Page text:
Because it is a story of global significance, rebuilding has had to meet many symbolic aspirations. It needed to embody American values and speak to the world about America’s resilience in the face of mass murder that at least in Western eyes was senseless. Simultaneously, the effort had to show that local decision makers could “do the right thing” as the world watched. It had to represent strength and determination and reflect deep sensitivity in recognition of the lives lost in the attacks. It had to create an economic future for lower Manhattan. And it had to protect New York City’s status as “the capital of the free world” and assure its global leadership in the twenty-first century. That was what the mayor promised in his inaugural address on January 1, 2002, and throughout his twelve years in office; Michael R. Bloomberg would try to act in full accord with what he promised: “We will go forward. We will never go back.”
Within the historical context of New York City’s economic trajectory, rebuilding Ground Zero was fraught with strategic consequence. Just as the original Trade Center complex represented the culmination of a decades-long series of efforts aimed at revitalizing the city’s founding center of business, forty years later rebuilding those sixteen acres reprised history—with new meaning, in a new century, in a new geopolitical context brought forth by 9/11. The total destruction of the massive Trade Center complex created a rare opportunity for New York City to rethink its long-term economic needs, at least in the down- town area. With President George W. Bush’s promise of $20 billion of federal resources, those with responsibility for Ground Zero and beyond might be able to take bold actions to rebuild all of lower Manhattan, while sending a message to the world that regardless of whatever Al-Qaeda terrorists aimed to do, New York City would come back stronger than ever. It was an unparalleled opportunity in the city’s history.
Opportunity quickened the pulse of ambition. All of the central players at Ground Zero harbored vaulting ambitions, especially Governor George E. Pataki who envisioned Ground Zero as a platform for his higher political aspirations. Ambition suffused every vision, threaded through every conflict, and shaped the scale of every achievement in the rebuilding of these sixteen acres in lower Manhattan. To rebuild in defiance of the terrorists, to assure New York’s position as a global city, to rebuild the economic engine of lower Manhattan, to think big, plan right in a democratic fashion, and move quickly—these aims became drivers of decisions of how New York City rebuilt at Ground Zero.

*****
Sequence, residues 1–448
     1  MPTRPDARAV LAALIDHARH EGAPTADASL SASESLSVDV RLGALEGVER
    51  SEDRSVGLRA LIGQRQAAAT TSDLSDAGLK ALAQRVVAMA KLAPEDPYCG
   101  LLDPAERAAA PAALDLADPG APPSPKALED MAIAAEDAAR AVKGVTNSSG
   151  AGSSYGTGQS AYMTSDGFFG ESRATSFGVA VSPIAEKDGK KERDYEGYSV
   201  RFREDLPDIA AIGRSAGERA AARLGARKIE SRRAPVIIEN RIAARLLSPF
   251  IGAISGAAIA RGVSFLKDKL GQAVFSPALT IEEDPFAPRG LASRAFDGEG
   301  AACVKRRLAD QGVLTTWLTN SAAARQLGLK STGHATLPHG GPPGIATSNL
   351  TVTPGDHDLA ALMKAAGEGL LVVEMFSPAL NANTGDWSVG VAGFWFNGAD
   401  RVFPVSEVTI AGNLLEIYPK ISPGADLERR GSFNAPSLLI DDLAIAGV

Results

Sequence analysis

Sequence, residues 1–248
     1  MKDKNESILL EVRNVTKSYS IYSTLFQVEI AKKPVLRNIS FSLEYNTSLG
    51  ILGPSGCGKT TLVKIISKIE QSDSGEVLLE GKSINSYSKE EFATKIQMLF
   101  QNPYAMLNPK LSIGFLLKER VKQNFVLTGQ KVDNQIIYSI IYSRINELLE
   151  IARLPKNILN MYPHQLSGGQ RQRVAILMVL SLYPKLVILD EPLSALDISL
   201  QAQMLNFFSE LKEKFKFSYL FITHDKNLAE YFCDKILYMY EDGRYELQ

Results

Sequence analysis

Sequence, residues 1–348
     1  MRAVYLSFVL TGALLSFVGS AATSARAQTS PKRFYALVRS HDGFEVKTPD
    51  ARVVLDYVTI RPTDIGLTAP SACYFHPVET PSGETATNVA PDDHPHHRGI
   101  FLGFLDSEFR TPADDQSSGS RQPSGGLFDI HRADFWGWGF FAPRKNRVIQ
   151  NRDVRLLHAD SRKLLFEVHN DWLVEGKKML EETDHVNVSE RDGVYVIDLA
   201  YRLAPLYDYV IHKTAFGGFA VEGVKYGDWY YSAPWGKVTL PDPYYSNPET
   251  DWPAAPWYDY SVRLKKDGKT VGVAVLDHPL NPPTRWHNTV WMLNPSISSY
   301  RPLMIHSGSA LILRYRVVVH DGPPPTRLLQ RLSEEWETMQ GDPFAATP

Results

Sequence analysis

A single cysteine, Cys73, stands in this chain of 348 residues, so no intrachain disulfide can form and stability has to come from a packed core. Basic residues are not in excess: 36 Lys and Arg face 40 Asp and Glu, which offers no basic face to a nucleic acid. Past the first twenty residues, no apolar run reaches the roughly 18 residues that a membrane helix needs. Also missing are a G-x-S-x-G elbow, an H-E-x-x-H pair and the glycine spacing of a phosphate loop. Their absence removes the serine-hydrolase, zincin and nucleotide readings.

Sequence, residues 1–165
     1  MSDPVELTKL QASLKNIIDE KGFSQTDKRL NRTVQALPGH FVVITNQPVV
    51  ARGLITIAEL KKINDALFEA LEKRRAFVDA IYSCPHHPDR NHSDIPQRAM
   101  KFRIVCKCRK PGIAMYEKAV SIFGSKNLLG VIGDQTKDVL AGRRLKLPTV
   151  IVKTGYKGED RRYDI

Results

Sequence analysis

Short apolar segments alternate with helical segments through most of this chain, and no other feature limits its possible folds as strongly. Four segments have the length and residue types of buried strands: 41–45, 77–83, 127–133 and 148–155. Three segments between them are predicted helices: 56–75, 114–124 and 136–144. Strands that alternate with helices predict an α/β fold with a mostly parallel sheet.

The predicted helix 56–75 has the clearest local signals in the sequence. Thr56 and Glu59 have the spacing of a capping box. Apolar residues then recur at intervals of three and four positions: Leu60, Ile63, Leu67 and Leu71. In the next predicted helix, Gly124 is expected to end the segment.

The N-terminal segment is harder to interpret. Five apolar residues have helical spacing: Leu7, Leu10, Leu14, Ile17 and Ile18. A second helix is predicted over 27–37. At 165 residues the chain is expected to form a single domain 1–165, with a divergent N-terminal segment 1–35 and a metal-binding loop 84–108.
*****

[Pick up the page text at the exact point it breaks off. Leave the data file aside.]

There were more tangible ambitions as well, and they seemed to grow as the opportunity to rebuild brought forth aspirations long-held and newly-minted: the desire to build a project that demonstrated planners had learned from experience at the original Trade Center complex and could design and execute a better way to use those sixteen acres; the desire to link transportation with development more effectively and enhance the accessibility of lower Manhattan; the desire to build a monumental gateway for commuters; the idea of adding new social and cultural functions that would help the long-term revival of lower Manhattan; the imperative of creating a place more secure from terrorist attacks; the desire to integrate the complex into the fabric of the city, especially the adjacent neighborhood of Battery Park City.
Featured image credit: Freedom Tower by avflores. CC0 public domain via Pixabay.